Generally, Indians who have a college degree and those who live in urban areas are more likely than others to have a mixed circle of friends. Religious observance is a factor as well: People who are more observant are more inclined to be friends only with people who share their religion. For example, among Indians who say religion is very important in their lives, nearly half (47%) say all their friends share their religion, compared with about a third (34%) who say this among those who are less religious.
Men are somewhat more likely than women to have a religiously mixed friendship circle. But age makes little difference: Within the population as a whole, as well as within the major religious groups, younger adults are about as likely as older people to say all their close friends share their same religion.
Regionally, people in the South are less likely than those in other regions to say all their close friends share their religion (29%). Among Hindus in the South, 31% say all their close friends are also Hindu, compared with 47% of Hindus nationally who say their friendship circle is exclusively Hindu. An even lower share of Muslims in the region (19%) say all their friends are Muslims, while 45% of Muslims across the country say all their close friends are fellow Muslims.
Most Indians are willing to accept members of other religious communities as neighbors, but many express reservations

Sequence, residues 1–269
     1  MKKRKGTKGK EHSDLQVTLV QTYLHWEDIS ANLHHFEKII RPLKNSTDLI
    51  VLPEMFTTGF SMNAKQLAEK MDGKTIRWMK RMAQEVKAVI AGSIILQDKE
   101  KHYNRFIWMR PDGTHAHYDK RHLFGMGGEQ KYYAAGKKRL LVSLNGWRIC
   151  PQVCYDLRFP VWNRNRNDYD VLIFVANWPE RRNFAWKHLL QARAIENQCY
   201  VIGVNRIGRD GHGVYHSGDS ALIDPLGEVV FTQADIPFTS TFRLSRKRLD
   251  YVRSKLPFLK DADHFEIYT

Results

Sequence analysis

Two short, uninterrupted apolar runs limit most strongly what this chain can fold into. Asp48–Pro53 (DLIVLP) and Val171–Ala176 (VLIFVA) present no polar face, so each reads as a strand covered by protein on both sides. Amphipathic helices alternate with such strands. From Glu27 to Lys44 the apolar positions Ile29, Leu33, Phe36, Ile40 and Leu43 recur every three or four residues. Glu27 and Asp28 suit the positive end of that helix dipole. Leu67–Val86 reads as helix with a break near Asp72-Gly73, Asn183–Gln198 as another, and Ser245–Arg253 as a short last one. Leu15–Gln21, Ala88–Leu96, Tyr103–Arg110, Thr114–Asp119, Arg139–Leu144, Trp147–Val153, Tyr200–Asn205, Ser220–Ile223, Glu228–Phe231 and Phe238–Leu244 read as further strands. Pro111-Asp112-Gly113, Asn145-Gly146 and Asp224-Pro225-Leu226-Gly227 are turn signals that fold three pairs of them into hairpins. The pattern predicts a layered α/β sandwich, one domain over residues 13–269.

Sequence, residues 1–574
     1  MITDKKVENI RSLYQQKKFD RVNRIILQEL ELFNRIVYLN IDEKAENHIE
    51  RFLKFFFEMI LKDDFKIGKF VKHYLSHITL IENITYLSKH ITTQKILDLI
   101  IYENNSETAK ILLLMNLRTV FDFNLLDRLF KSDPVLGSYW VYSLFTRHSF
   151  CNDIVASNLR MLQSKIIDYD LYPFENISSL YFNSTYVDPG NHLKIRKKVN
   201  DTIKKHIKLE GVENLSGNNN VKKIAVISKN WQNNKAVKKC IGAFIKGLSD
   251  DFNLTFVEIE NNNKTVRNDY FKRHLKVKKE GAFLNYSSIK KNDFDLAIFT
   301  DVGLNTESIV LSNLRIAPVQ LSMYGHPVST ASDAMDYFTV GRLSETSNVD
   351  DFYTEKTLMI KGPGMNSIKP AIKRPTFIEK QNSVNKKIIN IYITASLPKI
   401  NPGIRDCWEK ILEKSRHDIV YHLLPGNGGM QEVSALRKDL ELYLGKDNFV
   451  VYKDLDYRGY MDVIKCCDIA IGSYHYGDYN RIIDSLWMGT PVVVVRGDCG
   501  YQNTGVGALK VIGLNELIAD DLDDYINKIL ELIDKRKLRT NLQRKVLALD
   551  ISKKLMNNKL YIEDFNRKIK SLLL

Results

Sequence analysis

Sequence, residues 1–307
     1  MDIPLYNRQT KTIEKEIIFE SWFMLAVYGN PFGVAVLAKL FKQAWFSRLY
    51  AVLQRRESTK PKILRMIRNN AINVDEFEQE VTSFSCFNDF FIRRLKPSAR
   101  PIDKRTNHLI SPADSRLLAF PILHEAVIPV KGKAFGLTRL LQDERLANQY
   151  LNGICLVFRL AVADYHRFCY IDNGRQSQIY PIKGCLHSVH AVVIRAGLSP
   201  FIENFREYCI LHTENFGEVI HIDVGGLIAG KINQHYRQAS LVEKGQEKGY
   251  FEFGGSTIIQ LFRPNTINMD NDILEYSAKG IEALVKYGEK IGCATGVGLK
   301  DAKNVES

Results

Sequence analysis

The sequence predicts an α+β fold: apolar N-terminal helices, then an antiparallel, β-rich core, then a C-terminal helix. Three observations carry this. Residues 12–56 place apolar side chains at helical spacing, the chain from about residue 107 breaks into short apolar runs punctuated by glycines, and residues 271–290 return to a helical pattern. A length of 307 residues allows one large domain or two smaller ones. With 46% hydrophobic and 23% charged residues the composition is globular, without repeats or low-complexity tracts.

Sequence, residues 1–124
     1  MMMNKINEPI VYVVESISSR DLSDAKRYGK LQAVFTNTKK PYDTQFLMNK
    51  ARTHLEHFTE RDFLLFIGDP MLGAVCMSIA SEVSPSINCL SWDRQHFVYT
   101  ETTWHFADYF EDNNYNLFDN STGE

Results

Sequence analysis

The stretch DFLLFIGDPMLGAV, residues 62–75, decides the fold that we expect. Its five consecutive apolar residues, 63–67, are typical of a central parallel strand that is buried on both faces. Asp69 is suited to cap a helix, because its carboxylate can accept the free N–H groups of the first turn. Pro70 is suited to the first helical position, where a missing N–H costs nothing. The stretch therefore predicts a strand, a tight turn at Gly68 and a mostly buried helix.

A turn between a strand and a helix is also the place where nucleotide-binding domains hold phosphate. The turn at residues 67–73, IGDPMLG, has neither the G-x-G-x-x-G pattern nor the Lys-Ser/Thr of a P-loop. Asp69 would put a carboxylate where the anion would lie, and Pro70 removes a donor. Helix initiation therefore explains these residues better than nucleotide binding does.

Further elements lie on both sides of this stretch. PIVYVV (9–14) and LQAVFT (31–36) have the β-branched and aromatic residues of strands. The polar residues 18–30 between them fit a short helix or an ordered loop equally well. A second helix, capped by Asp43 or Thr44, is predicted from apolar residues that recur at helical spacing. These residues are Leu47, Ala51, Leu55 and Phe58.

For instance, large majorities of Muslims (78%) and members of other religious minority communities say they would be willing to live near a Hindu – which may be unsurprising given that Hindus make up a large majority of India’s population.
Among Hindus, most say they would be willing to live near a member of a religious minority, such as a Muslim (57%), a Christian (59%) or a Jain (59%). But many Hindus express reservations about such an arrangement. For example, 36% of Hindus say they would not be willing to live near a Muslim, and 31% say they would not want a Christian living in their neighborhood. Jains are even more likely to express such views: 54% would not accept a Muslim as a neighbor, and 47% say the same about Christians.
By contrast, Buddhists are most likely to voice acceptance of other religious groups. Roughly eight-in-ten Buddhists in India say they would be willing to accept a Muslim, Christian, Sikh or Jain as a neighbor, and even more (89%) say they would accept a Hindu.
In a few cases, considerable shares of people decline to answer these questions, possibly because of a lack of familiarity with particular religious groups. For example, 18% of Hindus in Southern India do not answer whether they would be willing to accept a Sikh as a neighbor, perhaps because Sikhs are largely concentrated in the North. Similarly, substantial shares of Muslims in several regions are unsure or don’t clearly say whether they would be willing to live next to a Jain; India’s Jains are most heavily concentrated in the West.
Generally, people who have more education are more likely to say they would accept people of other religions as neighbors. For example, 63% of Hindus with a college degree say they would be willing to accept a Muslim in their neighborhood, compared with 56% of those with less education. Among Hindus, those who live in urban areas of the country also express higher levels of tolerance in this respect.